How do you investigate the murder of a woman without a life? That is the challenge facing Cooper and Fry when a reclusive agoraphobic is found shot to death in her home. With no friends, no family, and virtually no contact with the outside world, the dead woman may simply have been the unlucky victim of a random homicide.
At virtually the same time, a raging house fire claims the lives of a young mother and two of her children. But as the debris is cleared, troubling questions remain in the ashes—among them, how did the blaze start, where was the husband at two a.m. the night of the fire, and was it really the flames that killed his family?
Now, as Cooper faces the reemergence of a dark secret he'd hoped to forget, and Fry copes with problems both personal and professional, a horrific possibility begins to take shape: What if the two investigations are somehow connected? A mysterious and unpredictable killer is on the loose. And his next victims could very well be the only two cops who can stop him.
Two gruesome homicides preoccupy Det. Sgt. Diane Fry and Det. Constable Ben Cooper in Booth's ambitious seventh police procedural (after The Dead Place). In England's Peak district, Fry looks into a suspicious house fire that killed Lindsay Mullen and two of her young children, while her husband, Brian, escaped with minor injuries. Meanwhile, Cooper investigates the death of Rose Shepherd, a reclusive woman killed by an apparent sniper-shot through her bedroom window. Both cases yield few clues, and Fry and Cooper run into one dead-end after another. While the link that they eventually uncover between the murders of Shepherd and the Mullens and a notorious Bulgarian gang stretches credulity, Booth compensates with his energetic pace and memorable characters. Genre fans may find a subplot involving psychotic hallucinations clich d, but few will be able to predict Booth's twisted conclusion.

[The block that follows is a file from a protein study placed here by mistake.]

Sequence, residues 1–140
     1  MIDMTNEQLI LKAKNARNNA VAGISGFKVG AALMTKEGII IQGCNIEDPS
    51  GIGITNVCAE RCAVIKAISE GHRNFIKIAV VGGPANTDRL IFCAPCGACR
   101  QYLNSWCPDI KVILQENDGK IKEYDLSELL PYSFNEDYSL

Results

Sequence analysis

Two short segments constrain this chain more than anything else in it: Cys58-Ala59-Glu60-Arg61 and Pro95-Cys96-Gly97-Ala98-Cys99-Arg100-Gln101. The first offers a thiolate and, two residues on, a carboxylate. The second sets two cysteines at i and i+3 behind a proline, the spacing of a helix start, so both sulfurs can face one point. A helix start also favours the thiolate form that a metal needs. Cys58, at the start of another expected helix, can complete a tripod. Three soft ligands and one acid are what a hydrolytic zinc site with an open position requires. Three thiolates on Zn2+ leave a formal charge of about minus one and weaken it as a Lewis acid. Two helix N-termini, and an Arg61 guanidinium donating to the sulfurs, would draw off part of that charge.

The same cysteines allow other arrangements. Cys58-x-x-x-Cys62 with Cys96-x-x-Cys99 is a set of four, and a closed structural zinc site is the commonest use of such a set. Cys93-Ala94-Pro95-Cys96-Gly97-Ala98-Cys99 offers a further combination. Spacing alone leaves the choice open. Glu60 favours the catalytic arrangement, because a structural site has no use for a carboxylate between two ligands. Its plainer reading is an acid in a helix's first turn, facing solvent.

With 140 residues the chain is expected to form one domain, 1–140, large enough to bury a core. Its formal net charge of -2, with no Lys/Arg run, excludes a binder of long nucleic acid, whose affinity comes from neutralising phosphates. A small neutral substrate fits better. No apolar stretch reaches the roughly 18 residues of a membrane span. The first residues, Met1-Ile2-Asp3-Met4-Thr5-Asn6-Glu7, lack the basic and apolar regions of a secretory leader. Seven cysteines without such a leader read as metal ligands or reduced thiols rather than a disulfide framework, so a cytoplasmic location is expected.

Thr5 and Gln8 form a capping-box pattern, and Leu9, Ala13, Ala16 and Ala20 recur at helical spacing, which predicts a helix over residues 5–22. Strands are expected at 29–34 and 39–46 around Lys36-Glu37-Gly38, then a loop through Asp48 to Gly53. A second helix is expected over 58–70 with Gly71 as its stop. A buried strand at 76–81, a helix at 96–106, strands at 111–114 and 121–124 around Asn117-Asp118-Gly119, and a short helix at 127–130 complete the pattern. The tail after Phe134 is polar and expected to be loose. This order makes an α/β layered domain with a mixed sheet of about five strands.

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Scared to live
Loved it another when I couldn’t put down looking forward to the next one
I read a lot of books weekly, but never read one by Stephen Booth. Wow! It was just another book to satisfy my addiction to reading, until page 320. I call it the soliloquy on page 320. Beautiful descriptive, beautiful structure. I didn't want to put the book down. It took me awhile to doubt one of the characters, but I finally figured it out. Won't say how it ended, but it was a perfect ending.